The Fight for Latino Representation in the Boardroom

Kira Ciccarelli

The Fight for Latino Representation in the Boardroom

Listen to Episode 52 on Apple Podcasts

Guest: Esther Aguilera, CEO and President of the Latino Corporate Directors Association (LCDA)

Hosts: Dottie Schindlinger, Executive Director of the Diligent Institute, and Meghan Day, Senior Director of Board Member Experience for Diligent Corporation

In this episode:

  1. The Current State of Latino Representation: Aguilera begins with some sobering statistics regarding Latino boardroom representation.
  2. The LCDA and Boardroom Diversity: Aguilera gives some background on the LCDA and some new initiatives they have been spearheading.
  3. The Leaky Pipeline: To conclude, Aguilera takes the discussion broad, and speaks on what still has to change going forward.


In the push for greater boardroom diversity, how can we ensure we correctly track, measure, and promote progress? Esther Aguilera, President and CEO of the Latino Corporate Directors Association (LCDA) details the struggle for greater Latino representation in public company boardrooms, and what her organization is doing to help.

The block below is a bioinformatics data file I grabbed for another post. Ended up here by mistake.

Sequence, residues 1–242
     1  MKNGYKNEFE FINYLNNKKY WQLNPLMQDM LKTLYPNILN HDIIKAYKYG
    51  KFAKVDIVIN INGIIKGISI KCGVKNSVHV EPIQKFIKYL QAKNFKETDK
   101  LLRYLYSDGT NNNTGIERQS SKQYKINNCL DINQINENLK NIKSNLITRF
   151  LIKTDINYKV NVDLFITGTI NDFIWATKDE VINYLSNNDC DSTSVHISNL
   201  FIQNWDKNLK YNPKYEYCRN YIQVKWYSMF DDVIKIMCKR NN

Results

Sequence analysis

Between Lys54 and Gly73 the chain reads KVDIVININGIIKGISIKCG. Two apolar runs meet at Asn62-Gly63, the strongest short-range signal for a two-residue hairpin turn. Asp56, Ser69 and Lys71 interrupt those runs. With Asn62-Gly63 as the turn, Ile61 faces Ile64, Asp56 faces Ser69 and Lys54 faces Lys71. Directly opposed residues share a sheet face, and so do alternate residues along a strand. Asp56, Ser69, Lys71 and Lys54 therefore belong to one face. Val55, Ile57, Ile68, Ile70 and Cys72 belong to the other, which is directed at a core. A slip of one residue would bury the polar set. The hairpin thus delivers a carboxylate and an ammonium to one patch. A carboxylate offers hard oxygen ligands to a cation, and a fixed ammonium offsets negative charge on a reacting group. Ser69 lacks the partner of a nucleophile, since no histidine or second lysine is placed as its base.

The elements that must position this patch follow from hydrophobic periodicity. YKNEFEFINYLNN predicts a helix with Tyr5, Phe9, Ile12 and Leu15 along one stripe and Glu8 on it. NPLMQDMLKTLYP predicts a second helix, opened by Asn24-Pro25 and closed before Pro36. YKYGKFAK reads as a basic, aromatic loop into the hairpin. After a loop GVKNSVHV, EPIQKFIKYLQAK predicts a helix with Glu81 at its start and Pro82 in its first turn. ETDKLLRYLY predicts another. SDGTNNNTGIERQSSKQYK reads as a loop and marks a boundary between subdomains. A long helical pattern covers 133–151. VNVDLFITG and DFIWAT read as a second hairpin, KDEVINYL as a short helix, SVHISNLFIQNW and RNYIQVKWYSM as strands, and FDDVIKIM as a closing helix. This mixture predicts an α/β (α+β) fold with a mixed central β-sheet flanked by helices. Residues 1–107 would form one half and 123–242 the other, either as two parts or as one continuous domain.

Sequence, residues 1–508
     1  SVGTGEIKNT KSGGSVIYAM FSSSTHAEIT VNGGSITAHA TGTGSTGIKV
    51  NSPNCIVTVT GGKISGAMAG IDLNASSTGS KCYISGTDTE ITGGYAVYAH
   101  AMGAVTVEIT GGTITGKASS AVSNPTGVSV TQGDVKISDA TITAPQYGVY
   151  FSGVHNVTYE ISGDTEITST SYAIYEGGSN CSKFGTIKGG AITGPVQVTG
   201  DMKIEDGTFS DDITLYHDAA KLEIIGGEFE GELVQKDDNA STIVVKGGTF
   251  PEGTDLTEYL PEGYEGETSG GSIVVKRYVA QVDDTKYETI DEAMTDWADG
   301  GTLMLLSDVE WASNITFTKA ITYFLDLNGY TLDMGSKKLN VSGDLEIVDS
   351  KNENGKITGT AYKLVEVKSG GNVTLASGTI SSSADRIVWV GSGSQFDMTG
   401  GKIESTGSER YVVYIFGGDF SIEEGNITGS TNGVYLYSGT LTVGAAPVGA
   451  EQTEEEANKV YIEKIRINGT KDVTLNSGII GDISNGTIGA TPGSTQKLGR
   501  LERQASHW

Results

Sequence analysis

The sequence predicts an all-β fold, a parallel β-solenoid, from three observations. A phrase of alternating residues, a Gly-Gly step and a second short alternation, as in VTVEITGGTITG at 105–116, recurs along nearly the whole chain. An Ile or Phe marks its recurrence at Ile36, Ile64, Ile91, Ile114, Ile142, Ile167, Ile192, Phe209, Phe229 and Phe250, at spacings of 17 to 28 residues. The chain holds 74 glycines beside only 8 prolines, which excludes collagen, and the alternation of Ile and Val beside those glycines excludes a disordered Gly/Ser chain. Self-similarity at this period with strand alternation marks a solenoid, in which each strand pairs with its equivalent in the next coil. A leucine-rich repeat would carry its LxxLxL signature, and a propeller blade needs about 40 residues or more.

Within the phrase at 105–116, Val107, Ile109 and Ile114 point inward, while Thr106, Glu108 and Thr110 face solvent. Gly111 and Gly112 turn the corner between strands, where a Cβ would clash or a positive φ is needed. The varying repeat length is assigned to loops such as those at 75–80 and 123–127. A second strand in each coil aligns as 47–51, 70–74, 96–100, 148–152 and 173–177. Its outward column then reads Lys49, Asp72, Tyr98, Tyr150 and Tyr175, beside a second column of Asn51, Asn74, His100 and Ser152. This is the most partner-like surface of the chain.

The Current State of Latino Representation

Bringing greater diversity by gender, race/ethnicity, and skillset into the boardroom has been an intense focus in the last few years, particularly in 2020 after intense social justice protests against racial inequity rocked the United States and other parts of the world. However, Aguilera notes an alarming disparity between the sizeable Latino population in the U.S. and the number of Latinos on boards: “Latinos actually have incredibly low levels of representation in U.S. boardrooms. Only 3% of board seats are held by Latinos, and yet we make up 20% of the population of the U.S.”

In California, the disparity is even greater: “In California, we found that Latinos make up about 40% of the population; a plurality. However, only 2% of board seats are held by Latinos on public companies.” Given California’s recent track record as a leader in diversity legislation in the United States, Aguilera discusses this disconnect: “These numbers are shocking on a state and national level given the demographics of the United States and the demographics of California in particular.”

For Aguilera, these disparities are not only unfair, but they are also not smart business moves: “Boards should reflect their customer base and employee base. Latinos bring in 25%, or 2.6 trillion USD, in GDP. When companies are looking for new markets, they often think of going abroad and fail to realize that they have a growing, largely untapped market here.”

“Companies lose market share without the insights that can and will come from representative governance.”

Esther Aguilera, CEO and President of the Latino Corporate Directors Association (LCDA)

The LCDA and Boardroom Diversity